advertisement

ADVERTISEMENT


ADVERTISEMENT


ADVERTISEMENT


TOP JOBS



Share on Facebook
Share on Twitter
Delicious
E-mail this article
Leave a Comment
Print this Article
advertisement

When Ken Cuccinelli sponsored legislation in 2008 to repeal Virginia’s no-fault divorce law for couples with children, he said, “This law has everything to do with the breakdown of the family. The state says marriage is so unimportant that if you just separate for a few months, you can basically nullify the marriage.”

Even though five years have passed since the bill was introduced, it is worth considering what it reveals about Mr. Cuccinelli’s approach to public policy.

The predicate for his legislation — the idea that no-fault divorce in Virginia allows people to casually and quickly end their marriages — is a myth. The head of a social conservative group, the Family Foundation, wrote approvingly of then-Sen. Cuccinelli’s legislation, saying, “It is time that Virginians agree that the 30-year experiment with unilateral, no-fault divorce has failed.”

In almost 40 years in practice I have yet to encounter a client for whom ending a marriage has been anything other than a wrenching decision. Furthermore, Virginia already has one of the lowest rates of divorce in the nation.

It’s also highly misleading to suggest that Virginia’s no-fault grounds allow for a quick divorce; in what I call “pure” no-fault states, a party can fill out a form citing “irreconcilable differences,” and after a very brief waiting period, the divorce is finalized. In Virginia, couples with minor children — for whom Cuccinelli says he wants to make it harder to get divorced — have to be separated for a year before the divorce can be filed. And if the couple hasn’t agreed on custody, property, or support issues, it can take several months, or even a year or more, for the divorce to finally be concluded. Most divorcing couples in Virginia use the year’s separation period to resolve all the legal issues relating to the breakup, so that by the time the year has passed, there is nothing to contest.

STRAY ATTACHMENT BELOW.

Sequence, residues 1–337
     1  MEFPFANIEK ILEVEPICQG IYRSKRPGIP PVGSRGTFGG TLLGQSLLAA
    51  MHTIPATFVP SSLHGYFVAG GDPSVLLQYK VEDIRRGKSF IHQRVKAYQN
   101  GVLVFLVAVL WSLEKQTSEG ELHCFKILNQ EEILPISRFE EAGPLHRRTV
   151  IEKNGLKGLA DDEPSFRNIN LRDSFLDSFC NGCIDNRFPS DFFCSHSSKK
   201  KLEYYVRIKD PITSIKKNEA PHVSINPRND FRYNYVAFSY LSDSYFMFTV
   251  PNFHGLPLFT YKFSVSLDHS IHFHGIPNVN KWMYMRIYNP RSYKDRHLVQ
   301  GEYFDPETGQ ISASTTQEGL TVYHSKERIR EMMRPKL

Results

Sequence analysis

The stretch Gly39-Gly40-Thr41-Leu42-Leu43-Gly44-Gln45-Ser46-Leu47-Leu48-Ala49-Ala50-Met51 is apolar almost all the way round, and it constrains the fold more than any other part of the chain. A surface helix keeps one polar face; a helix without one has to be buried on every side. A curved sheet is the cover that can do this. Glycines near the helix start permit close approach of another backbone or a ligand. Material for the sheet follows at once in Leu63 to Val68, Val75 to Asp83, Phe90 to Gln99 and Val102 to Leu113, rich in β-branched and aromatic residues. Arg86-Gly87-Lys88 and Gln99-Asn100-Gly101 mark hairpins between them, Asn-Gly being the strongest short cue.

The other illusory assumption underlying this bill is that children would benefit if there were no no-fault grounds. Trapping individuals in desperately unhappy marriages for a longer period of time would result in even more emotional damage to their children and increases the risk that a bad marriage becomes dangerous.

It doesn’t take a psychological study (although there are dozens) to tell us that divorce is hard on children. The more adversarial a divorce, and the longer it drags on, the likelier it is that the stress on the children will increase exponentially.

Finally, one cannot ignore what this proposal says about Cuccinelli’s attitude toward Virginia women. Let’s face it: even with huge cultural changes over the past several decades, the financially-disadvantaged or abused spouse is still almost always the wife, and thus the negative effects of his legislation would fall disproportionately on women. Regrettably, this bill falls right in line with Cuccinelli’s unwillingness to support increasing child support, the Violence Against Women Act and women’s health access. A recent Washington Post report on his ties to “Fathers’ Rights” groups may also help explain Cuccinelli’s legislative history.

Cuccinelli’s proposal to repeal no-fault divorce is a good example of what happens when public policy is based on ideology, ill-informed pseudo-social science, wishful thinking, or all of the above. Not only is its ostensible purpose of keeping married people together a fraud, but it would increase the emotional and financial cost on individuals seeking a divorce and, worst of all, place their children at risk of unnecessary additional trauma from the breakup of their parents’ marriages. What’s scary is that this legislation is also a perfect example of Cuccinelli’s simplistic, ideology-driven and shortsighted philosophy of governing.



Joseph A. Condo is a family law attorney and the former president of the Virginia State Bar.